This is not to mention that the plan fails to recognize the reason that private (and often official) actors prefer to transact in dollars: the depth of U.S. financial markets, supported by legal and regulatory certainty, translates into an ability to affordably hedge exchange rate risk. Simply denominating contracts in a third currency will not help manage exchange rate risk or encourage trade. This is especially true because Argentina and Brazil do not exist solely in a closed, two-country system, but rather in a global economy where economic actors transact with the rest of the world.
In short, the proposal for monetary integration between Argentina and Brazil seems to be to create a synthetic unit of account for financial and commercial trade, which would aim to reduce operational costs and isolate their economies from shock coming from U.S. monetary policy. If successful, this project could be a stepping stone toward a common currency that could reduce the intense dollarization of the region, especially acute in Argentina. Moreover, it shows that the arrival of Luiz Inácio Lula da Silva to the presidency in Brazil has the potential to trigger deeper economic integration in South America. However, the project is likely to fail. As the long and complex European experience shows, a monetary union cannot be sustained without a minimum degree of fiscal union that can cushion the asymmetric shocks that may impact the different parts of the union. If that is the ultimate objective, this is a project whose progress will be marked over decades and well beyond the terms of politicians currently in office.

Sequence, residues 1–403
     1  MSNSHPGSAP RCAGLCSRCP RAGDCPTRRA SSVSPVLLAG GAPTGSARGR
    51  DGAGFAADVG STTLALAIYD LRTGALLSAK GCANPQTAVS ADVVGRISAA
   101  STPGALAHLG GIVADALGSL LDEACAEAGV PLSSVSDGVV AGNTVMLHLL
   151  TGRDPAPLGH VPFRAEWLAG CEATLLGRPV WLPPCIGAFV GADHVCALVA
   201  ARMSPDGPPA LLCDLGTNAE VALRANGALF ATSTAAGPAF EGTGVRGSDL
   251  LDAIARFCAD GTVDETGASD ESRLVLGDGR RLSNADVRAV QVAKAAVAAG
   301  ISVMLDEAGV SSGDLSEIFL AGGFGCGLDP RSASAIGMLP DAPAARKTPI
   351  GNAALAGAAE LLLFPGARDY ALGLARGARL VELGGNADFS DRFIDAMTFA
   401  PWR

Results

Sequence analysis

Federico Steinberg is visiting fellow with the Europe, Russia, and Eurasia Program at the Center for Strategic and International Studies in Washington, D.C and a senior analyst at the Royal Elcano Institute. Miguel Otero-Iglesias is a senior analyst at the Royal Elcano Institute.